Anxiety playing off symptoms?

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Anxiety playing off symptoms?

Postby juli847 on November 29th, 2004, 6:46 pm

I went to the doctor a couple days a go (first visit dealing with this) He could tell I was panicky about the whole thing and told me that a lot of time anxiety will play off the symptoms making them worse. Is this possible? So, the more one dwells on the symptoms the more symptoms you will get? What do you think?
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Postby Stephanie on November 29th, 2004, 8:55 pm

Absolutely. The mind is extremely powerfull.
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Stress and anxiety

Postby Davey on November 30th, 2004, 1:46 pm

Yes, it is possible, and likely, that your anxiety is exacerbating your twitching, and that in turn exacerbates your anxiety. This creates a vicious cycle, until you work yourself into a continuous panic.

When the body is under stress, it begins dumping lots of hormones and other goodies into your blood system. It is like the "fight-or-flight" response you get when someone startles you. I got this from a mind-body website:

When our fight or flight response is activated, sequences of nerve cell firing occur and chemicals like adrenaline, noradrenaline and cortisol are released into our bloodstream. These patterns of nerve cell firing and chemical release cause our body to undergo a series of very dramatic changes. Our respiratory rate increases. Blood is shunted away from our digestive tract and directed into our muscles and limbs, which require extra energy and fuel for running and fighting. Our pupils dilate. Our awareness intensifies. Our sight sharpens. Our impulses quicken. Our perception of pain diminishes. Our immune system mobilizes with increased activation. We become prepared—physically and psychologically—for fight or flight. We scan and search our environment, "looking for the enemy."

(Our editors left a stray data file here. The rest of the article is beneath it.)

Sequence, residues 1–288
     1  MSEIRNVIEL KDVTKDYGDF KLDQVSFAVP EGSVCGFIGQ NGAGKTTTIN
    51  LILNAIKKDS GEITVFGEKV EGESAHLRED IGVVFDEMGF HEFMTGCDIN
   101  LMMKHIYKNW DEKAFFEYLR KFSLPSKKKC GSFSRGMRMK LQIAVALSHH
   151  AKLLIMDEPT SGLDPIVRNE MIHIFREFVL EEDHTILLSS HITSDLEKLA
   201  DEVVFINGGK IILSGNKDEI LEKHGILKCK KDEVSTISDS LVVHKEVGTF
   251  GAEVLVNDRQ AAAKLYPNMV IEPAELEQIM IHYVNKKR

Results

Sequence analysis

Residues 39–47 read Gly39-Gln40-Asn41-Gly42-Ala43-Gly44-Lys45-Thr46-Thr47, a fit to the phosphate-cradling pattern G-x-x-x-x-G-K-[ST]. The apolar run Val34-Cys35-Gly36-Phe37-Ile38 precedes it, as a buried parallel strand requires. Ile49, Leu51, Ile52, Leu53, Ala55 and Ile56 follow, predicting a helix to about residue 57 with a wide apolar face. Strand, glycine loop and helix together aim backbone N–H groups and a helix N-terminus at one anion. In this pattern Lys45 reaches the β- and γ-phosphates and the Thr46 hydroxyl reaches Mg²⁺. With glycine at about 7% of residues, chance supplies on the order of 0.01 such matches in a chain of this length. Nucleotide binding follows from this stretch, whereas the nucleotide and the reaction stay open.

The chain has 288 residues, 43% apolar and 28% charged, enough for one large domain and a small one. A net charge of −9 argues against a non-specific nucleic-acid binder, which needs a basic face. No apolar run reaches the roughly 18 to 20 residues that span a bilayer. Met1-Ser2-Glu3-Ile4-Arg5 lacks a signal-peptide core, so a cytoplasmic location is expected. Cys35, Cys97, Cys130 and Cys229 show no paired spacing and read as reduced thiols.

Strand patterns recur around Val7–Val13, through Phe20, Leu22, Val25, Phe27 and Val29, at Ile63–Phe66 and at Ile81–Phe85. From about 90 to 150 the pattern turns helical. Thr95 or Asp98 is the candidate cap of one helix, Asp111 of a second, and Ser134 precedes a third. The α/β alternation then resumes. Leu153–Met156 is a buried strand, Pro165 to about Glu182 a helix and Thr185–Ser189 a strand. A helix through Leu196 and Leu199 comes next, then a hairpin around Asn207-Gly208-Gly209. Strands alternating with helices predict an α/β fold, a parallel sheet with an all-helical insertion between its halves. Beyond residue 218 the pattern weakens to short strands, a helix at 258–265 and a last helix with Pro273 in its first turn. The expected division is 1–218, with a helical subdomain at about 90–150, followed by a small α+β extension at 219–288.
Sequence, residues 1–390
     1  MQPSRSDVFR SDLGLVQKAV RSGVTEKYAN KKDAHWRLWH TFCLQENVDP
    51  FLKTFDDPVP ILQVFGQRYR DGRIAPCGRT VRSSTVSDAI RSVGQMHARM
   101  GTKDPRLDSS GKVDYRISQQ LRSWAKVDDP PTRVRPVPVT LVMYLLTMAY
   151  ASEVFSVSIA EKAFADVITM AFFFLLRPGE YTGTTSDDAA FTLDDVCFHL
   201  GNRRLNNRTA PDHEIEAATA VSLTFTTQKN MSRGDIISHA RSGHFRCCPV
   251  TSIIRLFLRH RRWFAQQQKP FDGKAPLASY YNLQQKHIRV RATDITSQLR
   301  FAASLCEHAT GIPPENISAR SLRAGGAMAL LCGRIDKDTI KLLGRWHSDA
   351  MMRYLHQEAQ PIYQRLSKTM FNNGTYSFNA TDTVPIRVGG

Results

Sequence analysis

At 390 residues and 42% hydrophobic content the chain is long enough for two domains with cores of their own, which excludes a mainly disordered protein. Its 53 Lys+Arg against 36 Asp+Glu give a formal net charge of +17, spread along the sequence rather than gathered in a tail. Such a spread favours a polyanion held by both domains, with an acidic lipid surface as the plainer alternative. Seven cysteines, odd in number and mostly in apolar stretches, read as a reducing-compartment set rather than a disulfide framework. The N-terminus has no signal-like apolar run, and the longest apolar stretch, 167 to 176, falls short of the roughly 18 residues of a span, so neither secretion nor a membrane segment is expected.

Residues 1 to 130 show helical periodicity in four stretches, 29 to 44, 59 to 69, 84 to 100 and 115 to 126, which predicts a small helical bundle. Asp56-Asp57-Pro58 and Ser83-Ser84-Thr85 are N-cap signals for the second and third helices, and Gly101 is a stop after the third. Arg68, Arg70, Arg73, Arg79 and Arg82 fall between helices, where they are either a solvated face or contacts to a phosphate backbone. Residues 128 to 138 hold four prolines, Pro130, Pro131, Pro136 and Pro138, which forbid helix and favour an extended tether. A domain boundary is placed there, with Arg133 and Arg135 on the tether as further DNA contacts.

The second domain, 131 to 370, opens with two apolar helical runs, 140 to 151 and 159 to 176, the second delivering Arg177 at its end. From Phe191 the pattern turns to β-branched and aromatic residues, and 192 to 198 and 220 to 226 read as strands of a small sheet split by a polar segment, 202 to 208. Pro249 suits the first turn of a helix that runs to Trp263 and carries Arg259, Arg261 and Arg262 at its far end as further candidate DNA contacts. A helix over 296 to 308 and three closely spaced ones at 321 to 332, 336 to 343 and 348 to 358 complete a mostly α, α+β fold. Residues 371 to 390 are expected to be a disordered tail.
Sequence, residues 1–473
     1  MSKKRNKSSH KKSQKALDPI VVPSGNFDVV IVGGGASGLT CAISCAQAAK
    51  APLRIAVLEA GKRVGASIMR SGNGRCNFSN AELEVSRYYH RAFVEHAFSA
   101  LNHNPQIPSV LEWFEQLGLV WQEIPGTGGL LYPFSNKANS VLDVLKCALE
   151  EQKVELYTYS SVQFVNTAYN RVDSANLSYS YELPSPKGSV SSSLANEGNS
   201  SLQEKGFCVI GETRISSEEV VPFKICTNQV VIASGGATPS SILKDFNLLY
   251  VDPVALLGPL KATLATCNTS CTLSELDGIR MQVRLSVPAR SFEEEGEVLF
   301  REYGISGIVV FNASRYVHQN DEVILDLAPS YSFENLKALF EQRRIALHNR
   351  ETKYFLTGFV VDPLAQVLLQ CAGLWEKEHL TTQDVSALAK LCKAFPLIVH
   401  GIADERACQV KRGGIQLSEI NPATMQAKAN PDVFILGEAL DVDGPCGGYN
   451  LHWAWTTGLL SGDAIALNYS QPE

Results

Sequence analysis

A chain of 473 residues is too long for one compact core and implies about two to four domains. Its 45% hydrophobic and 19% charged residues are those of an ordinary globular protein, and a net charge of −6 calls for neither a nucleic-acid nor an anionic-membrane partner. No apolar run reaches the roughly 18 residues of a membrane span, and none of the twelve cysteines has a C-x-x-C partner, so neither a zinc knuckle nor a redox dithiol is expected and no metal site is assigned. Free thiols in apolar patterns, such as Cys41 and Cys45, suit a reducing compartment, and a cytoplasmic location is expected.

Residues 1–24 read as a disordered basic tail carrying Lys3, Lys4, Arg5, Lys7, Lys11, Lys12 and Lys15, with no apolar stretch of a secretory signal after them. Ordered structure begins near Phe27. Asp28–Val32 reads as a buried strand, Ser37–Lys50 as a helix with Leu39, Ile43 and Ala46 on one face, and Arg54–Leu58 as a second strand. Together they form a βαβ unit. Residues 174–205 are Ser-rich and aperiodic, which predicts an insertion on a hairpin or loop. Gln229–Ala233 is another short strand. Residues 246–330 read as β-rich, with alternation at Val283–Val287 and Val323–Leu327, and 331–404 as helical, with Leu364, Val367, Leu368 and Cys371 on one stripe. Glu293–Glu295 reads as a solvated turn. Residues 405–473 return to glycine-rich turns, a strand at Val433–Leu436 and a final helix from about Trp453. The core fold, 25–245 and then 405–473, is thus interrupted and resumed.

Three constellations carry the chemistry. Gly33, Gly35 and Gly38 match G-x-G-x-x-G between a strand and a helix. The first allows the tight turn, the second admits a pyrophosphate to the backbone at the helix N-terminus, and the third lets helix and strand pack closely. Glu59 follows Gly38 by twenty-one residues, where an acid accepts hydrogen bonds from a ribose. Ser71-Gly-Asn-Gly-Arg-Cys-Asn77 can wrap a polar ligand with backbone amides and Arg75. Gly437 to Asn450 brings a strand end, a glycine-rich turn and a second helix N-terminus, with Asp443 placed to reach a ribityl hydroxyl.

When our fight or flight system is activated, we tend to perceive everything in our environment as a possible threat to our survival. By its very nature, the fight or flight system bypasses our rational mind—where our more well thought out beliefs exist—and moves us into "attack" mode. This state of alert causes us to perceive almost everything in our world as a possible threat to our survival. As such, we tend to see everyone and everything as a possible enemy. Like airport security during a terrorist threat, we are on the look out for every possible danger. We may overreact to the slightest comment. Our fear is exaggerated. Our thinking is distorted. We see everything through the filter of possible danger. We narrow our focus to those things that can harm us. Fear becomes the lens through which we see the world.

Pretty much sums up the fear of ALS a lot of us have. The only problem is that the enemy is fear itself -- a phantom menace.

You should think about engaging in stress relieving activities -- exercise, yoga, meditation. The long term consequences of stress and anxiety are debilitating -- hypertension, immunity suppression, etc. :cry:


Proud sufferer of Cramp-Fasciculation Syndrome since June 2001.

"Do not fear death tomorrow so much that you forget to live today."
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Postby BTS on December 8th, 2004, 10:16 pm

Dave is right-on here in his post. Experience has taught me that anxiety can and will cause symptoms to exacerbate, last longer, and if you don't fight it, it will become physically and emotionally debilitating.

There are many, many reasons to do your individual best in NOT letting anxiety take a firm hold. It will take you to places you don't want to go and will make you absolutely miserable and not able to enjoy the moment.

Take good care, and try to relax the best you can.

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